The 6-foot-5, 333-pound junior and team captain Jones has 37 tackles, 5.5 TFLs and 3.5 sacks this season and counting, giving him a line of 123-17.0-7.5 (Connecticut was one of three FBS programs to opt out of last season due to Covid complications). From FanSided’s NFL Mocks: “Travis Jones is a very good run defender for the Huskies, but his quicks and explosion, combined with excellent athleticism, scream a good interior rusher who can get quick penetration into the backfield. He could be one of the bigger risers in the 2022 NFL Draft down the stretch this fall and in the all-star circuit.”

Round 4: Edge Tre Williams, Arkansas

While Williams’ statistics won’t “wow” you, it’s important to remember that the 6-foot-5, 255-pound former Missouri transfer plays in a 3-3-5 alignment for Arkansas, meaning he faces constant double teams. Still, Williams was a terror earlier this season against Texas A&M, who struggled to contain the redshirt senior all game, even prompting the Aggies to move Kenyon Green to tackle. Williams has 17 tackles, 4.5 TFLs and 4 sacks, giving him a career line of 100-19.5-12.5 (and counting).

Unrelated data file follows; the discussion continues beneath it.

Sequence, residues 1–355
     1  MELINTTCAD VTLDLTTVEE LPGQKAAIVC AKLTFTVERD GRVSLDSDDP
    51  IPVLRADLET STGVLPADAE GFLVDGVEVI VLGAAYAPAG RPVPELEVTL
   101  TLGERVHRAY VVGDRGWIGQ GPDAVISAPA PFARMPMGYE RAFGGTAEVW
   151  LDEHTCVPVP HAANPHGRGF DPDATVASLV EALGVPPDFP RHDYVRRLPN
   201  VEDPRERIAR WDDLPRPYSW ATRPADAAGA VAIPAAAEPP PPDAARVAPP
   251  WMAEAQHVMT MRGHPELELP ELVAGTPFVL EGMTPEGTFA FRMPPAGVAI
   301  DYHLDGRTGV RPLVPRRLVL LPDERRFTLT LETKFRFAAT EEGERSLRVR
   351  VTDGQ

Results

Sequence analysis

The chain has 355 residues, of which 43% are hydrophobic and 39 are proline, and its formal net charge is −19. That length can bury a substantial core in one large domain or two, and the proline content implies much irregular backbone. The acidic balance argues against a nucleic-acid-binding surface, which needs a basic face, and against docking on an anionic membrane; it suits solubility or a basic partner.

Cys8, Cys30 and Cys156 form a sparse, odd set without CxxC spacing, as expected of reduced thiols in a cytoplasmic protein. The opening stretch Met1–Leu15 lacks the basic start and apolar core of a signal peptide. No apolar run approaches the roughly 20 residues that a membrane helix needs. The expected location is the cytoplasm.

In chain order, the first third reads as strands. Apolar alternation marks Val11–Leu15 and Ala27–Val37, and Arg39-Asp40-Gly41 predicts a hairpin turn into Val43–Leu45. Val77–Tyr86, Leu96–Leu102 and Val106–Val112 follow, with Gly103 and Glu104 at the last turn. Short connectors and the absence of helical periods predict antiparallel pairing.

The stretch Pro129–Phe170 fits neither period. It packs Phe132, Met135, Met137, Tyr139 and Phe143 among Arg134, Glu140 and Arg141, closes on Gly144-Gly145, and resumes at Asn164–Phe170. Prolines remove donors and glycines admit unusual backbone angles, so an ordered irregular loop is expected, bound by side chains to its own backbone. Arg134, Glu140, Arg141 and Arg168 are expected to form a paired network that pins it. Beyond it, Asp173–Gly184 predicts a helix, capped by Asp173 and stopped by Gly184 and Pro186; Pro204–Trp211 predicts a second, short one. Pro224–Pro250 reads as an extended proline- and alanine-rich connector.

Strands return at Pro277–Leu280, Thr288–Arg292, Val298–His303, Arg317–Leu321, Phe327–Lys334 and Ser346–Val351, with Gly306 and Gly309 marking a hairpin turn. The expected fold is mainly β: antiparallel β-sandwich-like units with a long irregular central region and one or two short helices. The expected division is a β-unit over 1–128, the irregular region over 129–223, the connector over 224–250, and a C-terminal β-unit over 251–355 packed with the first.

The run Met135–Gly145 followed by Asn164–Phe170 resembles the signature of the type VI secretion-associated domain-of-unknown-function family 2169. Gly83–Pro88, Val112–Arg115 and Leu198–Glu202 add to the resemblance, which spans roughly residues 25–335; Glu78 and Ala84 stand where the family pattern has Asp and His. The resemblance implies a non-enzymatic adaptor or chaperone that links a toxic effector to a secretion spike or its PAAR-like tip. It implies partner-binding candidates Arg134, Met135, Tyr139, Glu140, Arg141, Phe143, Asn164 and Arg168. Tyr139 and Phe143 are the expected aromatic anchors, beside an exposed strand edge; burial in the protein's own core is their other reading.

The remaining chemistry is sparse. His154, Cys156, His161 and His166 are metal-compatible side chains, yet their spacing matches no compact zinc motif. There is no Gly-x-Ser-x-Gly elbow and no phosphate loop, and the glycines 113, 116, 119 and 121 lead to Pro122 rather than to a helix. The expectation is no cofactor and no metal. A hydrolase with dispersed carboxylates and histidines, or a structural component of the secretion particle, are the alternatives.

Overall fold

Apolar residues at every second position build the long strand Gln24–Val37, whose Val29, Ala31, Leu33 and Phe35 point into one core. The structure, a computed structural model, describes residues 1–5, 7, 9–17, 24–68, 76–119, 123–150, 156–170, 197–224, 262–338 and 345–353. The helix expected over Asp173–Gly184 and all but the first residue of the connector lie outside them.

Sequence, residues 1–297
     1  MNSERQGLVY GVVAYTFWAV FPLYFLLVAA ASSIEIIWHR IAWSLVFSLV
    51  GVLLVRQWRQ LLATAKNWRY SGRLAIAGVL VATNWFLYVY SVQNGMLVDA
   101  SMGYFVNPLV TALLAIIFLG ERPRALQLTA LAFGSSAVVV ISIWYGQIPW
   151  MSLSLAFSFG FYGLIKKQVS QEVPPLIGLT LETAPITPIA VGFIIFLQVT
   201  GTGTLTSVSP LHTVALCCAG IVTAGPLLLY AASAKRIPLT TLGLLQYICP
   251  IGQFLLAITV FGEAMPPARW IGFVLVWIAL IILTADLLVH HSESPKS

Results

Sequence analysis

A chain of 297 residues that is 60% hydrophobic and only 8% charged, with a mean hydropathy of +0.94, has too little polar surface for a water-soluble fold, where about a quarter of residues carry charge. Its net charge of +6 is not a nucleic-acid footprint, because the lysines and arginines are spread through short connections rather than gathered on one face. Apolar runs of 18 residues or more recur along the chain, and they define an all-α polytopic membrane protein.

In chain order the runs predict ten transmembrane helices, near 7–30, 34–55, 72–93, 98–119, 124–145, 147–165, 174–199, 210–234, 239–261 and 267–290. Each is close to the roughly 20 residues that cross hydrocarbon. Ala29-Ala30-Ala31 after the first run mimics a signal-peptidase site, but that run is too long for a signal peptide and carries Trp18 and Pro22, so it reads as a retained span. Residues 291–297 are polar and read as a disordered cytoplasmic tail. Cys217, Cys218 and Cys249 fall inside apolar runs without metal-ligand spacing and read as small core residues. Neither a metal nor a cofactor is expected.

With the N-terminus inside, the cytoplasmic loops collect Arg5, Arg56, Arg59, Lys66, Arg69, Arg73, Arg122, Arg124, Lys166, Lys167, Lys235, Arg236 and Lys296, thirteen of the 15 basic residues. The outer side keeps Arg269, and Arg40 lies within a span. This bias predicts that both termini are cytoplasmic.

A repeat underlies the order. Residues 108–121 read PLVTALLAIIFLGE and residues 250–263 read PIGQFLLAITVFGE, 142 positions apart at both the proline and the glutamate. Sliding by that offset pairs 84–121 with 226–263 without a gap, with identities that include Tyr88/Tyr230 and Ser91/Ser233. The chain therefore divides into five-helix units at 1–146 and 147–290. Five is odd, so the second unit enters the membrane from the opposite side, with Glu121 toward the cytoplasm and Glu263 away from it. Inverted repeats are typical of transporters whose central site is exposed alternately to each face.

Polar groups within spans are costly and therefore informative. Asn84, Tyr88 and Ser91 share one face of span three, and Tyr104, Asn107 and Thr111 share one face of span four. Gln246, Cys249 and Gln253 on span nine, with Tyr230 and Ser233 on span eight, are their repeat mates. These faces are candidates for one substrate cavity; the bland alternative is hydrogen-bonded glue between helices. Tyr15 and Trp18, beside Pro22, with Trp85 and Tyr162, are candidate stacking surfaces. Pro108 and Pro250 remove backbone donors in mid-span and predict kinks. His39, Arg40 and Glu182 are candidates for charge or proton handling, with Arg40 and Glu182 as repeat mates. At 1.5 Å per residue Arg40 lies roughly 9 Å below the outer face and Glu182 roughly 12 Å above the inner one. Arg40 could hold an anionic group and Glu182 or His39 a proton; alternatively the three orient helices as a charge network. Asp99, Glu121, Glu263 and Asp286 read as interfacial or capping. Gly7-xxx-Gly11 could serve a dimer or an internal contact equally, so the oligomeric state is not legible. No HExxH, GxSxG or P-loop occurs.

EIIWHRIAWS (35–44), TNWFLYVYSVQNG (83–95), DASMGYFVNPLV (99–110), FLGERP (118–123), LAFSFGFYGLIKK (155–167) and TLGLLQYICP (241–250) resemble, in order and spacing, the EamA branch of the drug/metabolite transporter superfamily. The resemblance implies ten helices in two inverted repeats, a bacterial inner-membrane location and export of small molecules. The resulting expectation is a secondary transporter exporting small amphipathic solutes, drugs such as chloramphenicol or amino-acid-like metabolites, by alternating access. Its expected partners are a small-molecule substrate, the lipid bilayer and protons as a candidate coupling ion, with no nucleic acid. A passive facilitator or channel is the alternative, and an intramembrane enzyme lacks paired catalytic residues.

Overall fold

Round 6: RB Rachaad White, Arizona State

Even when Edwards-Helaire was healthy, he wasn’t exactly lighting up the scoreboard. Of course, some of that could be attributed to an offensive line that is still learning to play together. White, on the other hand, would give them a big option at the position, as the 6-foot-2, 210-pound redshirt senior is one of the bigger RBs in the draft. White has been very productive in his two years at ASU with 897 yards and 9 TDs, including 477 yards rushing and 9 TDs (and counting) this season. White is also productive out of the backfield, with 35 career receptions for 402 yards and 2 TDs. The best part? White is from Kansas City, where he attended Center High School.